Ex-Warner Robins councilman Williams begins prison term

Former Warner Robins City Councilman John Williams will remain in custody after his bond was revoked by a federal judge and his attorney waived his right to a hearing on the revocation.

Williams, 73, handcuffed and wearing a white T-shirt and jeans, agreed Tuesday to start his 14-month prison term for extortion and related convictions.

He is expected to be placed in a local facility by the U.S. Marshals Service until the Federal Bureau of Prisons determines where Williams will serve his sentence.

Williams had been booked into the Bibb County Law Enforcement Center Monday evening under an order by U.S. District Judge Marc Treadwell.

A hearing on the bond revocation was scheduled for 11 a.m. Tuesday in federal court in Macon at the request of Tina Hunt, a federal attorney appointed for Williams. Hunt, prosecutor Paul McCommon and other attorneys met with Treadwell for about 10 minutes.

Afterward, Treadwell explained from the bench that he revoked Williams’ bond after learning Williams had attempted to make contact with “someone who had an association or relationship” to a grand juror. The details of the incident were not disclosed in open court.

The judge noted he takes seriously “even the remotest threat to a jury or grand jury.”

Treadwell had admonished Williams upon sentencing last week that the slightest infraction would place his bond in jeopardy. Treadwell had allowed Williams to remain free on a $20,000 bond until federal authorities determined the facility he would serve in. That process usually takes about four to six weeks.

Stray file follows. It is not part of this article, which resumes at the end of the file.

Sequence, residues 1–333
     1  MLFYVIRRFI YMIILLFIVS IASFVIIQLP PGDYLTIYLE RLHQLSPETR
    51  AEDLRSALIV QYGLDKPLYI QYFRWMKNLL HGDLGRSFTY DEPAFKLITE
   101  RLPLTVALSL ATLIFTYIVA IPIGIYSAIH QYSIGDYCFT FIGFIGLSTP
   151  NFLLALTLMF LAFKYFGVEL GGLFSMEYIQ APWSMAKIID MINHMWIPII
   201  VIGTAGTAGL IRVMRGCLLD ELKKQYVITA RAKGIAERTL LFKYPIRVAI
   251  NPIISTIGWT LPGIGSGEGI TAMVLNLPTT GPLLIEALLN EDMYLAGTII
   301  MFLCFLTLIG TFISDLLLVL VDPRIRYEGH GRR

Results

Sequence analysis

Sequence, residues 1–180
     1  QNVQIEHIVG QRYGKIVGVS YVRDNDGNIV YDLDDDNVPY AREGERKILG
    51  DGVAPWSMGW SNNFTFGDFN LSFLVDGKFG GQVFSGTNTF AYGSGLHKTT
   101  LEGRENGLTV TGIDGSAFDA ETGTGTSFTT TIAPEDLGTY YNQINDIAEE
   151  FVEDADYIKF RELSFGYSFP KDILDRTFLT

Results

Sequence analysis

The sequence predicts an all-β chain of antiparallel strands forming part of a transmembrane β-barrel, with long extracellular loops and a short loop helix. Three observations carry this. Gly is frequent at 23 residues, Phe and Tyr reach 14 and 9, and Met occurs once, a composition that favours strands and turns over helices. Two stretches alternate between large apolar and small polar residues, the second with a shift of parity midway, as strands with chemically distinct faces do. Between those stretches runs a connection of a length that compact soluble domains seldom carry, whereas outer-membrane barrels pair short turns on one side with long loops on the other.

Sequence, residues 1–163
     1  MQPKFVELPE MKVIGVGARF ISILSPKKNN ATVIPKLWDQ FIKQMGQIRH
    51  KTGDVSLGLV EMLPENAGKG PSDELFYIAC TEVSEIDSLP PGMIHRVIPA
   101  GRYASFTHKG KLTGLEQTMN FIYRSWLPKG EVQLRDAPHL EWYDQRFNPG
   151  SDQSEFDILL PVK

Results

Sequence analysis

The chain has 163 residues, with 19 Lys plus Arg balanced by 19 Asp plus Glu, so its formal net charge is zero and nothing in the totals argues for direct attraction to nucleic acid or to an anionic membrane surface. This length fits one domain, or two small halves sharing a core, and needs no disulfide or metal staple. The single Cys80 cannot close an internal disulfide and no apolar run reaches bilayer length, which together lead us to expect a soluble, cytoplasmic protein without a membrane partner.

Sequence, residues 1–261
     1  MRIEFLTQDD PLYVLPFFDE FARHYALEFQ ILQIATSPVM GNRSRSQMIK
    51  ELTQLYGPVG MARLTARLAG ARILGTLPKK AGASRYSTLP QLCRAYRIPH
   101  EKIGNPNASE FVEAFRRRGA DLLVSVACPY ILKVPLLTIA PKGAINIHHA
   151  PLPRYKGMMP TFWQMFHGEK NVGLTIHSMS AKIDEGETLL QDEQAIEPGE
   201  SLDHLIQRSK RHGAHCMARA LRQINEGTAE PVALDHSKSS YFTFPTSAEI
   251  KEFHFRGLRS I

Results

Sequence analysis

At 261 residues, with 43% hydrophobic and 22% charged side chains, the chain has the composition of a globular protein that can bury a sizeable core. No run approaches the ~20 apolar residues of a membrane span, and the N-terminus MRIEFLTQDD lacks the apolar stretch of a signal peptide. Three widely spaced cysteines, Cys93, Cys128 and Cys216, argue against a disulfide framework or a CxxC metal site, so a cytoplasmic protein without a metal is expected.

Hunt told the judge that Williams was in agreement that he should immediately begin his sentence and that there was no need for a hearing. McCommon was in agreement, and the judge ordered Williams to remain in custody and start his sentence. Hunt declined comment afterward.

U.S. Attorney Michael Moore said afterward that the incident was related to Williams’ case and may have been perceived as a threat. Moore declined to elaborate.

Williams’ wife and daughter sat in the front row of the audience section of the courtroom. Earlier, when attorneys were behind closed doors with Treadwell and Williams remained seated in the jury section of the courtroom, a U.S. marshal warned Williams’ wife Elna Williams not to attempt to contact him or she would be escorted from the courtroom. She told the marshal, “OK, OK,” after saying she only wanted to know if Williams was all right.

Williams earlier had winked at his wife and waved at his daughter when both entered the courtroom.

Williams was sentenced Thursday to 14 months in prison for extortion, making false statements to the FBI and tampering with a witness related to using his position to get a $1,720 kickback on the sale of a truck to the police department.

The sale was halted, and Williams gave the money back to the car salesman after he was questioned by FBI agents who were investigating him.Williams is expected to appeal the convictions that were the result of a jury trial in April.

Telegraph writer Liz Fabian contributed to this report. To contact writer Becky Purser, call 256-9559.